I’ll be honest. I did not expect to open Twitter at any point this offseason and see, “Arizona Diamondbacks re-sign infielder Eduardo Escobar.” Yet here we are before the World Series has even concluded. What does this mean for the team going forward? Will Mike Hazen find a trade for one of his existing infielders? Does Eduardo Escobar find playing time at multiple positions? Is Jake Lamb the odd man out? Have we seen the final days of Paul Goldschmidt? What about Nick Ahmed and Ketel Marte? Escobar’s return creates more questions than it answers.
[D’backs.com] Escobar, D-backs agree to three-year deal - The D-backs made their first move of the offseason Monday by signing Eduardo Escobar to a three-year contract worth $21 million.The deal puts a quality player under contract for a reasonable price. What it does not do, however, is answer the question of whether the D-backs plan on competing in 2019 or if they instead will trade some of their veterans and retool. “I would ask and caution not to read into either side of those things, as much as I know fans are definitely going to want to do that,” D-backs general manager Mike Hazen said. “We totally understand. It’s a long process for the offseason. We still have some holes to fill, especially the pitching side of things and there’s going to be a lot of work left. This is a great first step for us but that’s what it is.”
[Arizona Sports] Eduardo Escobar agrees to three-year deal with Diamondbacks - Hazen said they value the flexibility Escobar brings and they see him fitting in as someone who can play multiple positions. “That affords us the opportunity to be a little more aggressive here early in the offseason before we have some of those other answers in place,” he said. Hazen said they see Escobar being in the lineup every day and the team believes he can also play second base. The deal creates a position battle at third base, where Escobar would compete for playing time with lefty Jake Lamb, who has two years of arbitration left on his deal before potentially hitting restricted free agency in 2021.
[The Athletic] ‘That old man broke me’: How tough love at Rice hardened Diamondbacks prospect Jon Duplantier for the pros - “Tell them I’m going to Rice,” Jon Duplantier said as he tapped golf balls on a putting green one summer day in 2013. Fresh out of high school, the right-hander and top Diamondbacks prospect didn’t quite understand the depth of the commitment he was making. His father was next to him, on the phone with a Major League Baseball team offering the chance to go pro as an undrafted free agent. But it wasn’t much money – it rarely is for undrafted players – and Duplantier always had been raised to understand the importance of academics.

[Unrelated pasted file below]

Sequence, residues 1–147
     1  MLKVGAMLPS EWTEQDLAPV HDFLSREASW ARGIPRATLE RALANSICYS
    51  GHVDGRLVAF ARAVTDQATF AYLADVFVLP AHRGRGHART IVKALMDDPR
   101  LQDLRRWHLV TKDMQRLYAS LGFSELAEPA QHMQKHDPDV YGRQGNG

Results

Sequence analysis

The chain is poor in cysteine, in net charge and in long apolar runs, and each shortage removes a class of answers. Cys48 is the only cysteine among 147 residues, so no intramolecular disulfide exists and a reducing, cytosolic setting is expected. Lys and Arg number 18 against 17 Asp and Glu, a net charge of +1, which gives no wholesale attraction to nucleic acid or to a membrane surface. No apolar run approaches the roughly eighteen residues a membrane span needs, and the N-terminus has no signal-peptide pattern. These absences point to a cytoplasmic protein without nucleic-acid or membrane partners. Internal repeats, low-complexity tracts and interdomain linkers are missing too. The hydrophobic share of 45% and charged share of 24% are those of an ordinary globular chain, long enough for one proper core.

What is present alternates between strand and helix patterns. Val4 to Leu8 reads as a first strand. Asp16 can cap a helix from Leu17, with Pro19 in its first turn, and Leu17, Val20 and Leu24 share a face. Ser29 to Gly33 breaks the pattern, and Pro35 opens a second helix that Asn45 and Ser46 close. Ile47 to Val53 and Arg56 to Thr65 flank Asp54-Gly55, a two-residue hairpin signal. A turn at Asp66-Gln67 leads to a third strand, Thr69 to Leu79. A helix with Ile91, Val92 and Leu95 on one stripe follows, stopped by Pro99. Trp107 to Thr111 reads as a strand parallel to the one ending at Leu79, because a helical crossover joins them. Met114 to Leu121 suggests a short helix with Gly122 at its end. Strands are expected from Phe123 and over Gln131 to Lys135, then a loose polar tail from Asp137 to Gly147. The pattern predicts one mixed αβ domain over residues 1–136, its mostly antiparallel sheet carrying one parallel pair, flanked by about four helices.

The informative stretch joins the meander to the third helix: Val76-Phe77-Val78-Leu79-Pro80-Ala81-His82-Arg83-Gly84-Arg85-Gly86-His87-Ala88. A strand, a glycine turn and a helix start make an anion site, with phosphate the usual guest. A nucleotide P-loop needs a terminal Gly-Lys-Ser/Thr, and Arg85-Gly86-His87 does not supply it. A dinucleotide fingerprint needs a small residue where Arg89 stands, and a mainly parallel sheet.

[Yahoo Sports] Roberts, Cora first minority managers to meet in World Series - Los Angeles Dodgers manager Dave Roberts and his Boston Red Sox counterpart, Alex Cora, hope their historic World Series breakthrough will bring more opportunities for minorities in Major League Baseball. Cora, the first Puerto Rican manager in World Series history, and Roberts, the son of a Japanese mother and African-American father, will be the first minority managers to guide opposing teams in a World Series when the best-of-seven final opens Tuesday at Fenway Park. “It should be celebrated. It’s part of it,” Cora said. “For me, as a minority, to be a manager in Boston, it hasn’t been a challenge. Obviously people talk about that. To be able to lead this team, it’s amazing.” Roberts said Monday he doesn’t spend much time pondering his place in history alongside friend and former teammate Cora. “But when I do, it’s special,” said Roberts. “And it’s not about myself or Alex. Just to see minorities get opportunities and perform and do well, I think that that gives opportunities for others.”
[ESPN] Chris Sale vs. Clayton Kershaw makes Game 1 an instant World Series classic - You think the pitchers’ duel is dead? Maybe. But if it can be resuscitated, Game 1 of the World Series is when that could happen. When the Dodgers’ Clayton Kershaw squares off against the Red Sox’s Chris Sale, it will be one of the greatest opening matchups in the history of the Fall Classic. It might be the best.
[Sports Illustrated] Who Are the Top Dark Horse Candidates to Win World Series MVP? - All sample sizes in the postseason are small, which means the unlikeliest of heroes can emerge. Unlike regular season awards dominated by the game’s best players, anyone who receives enough playing time to impact the series can warrant MVP consideration if they string together a few big plays or impressive outings. Look no further than this year’s ALCS, when Red Sox No. 9 hitter Jackie Bradley Jr.’s three huge hits led him to MVP honors.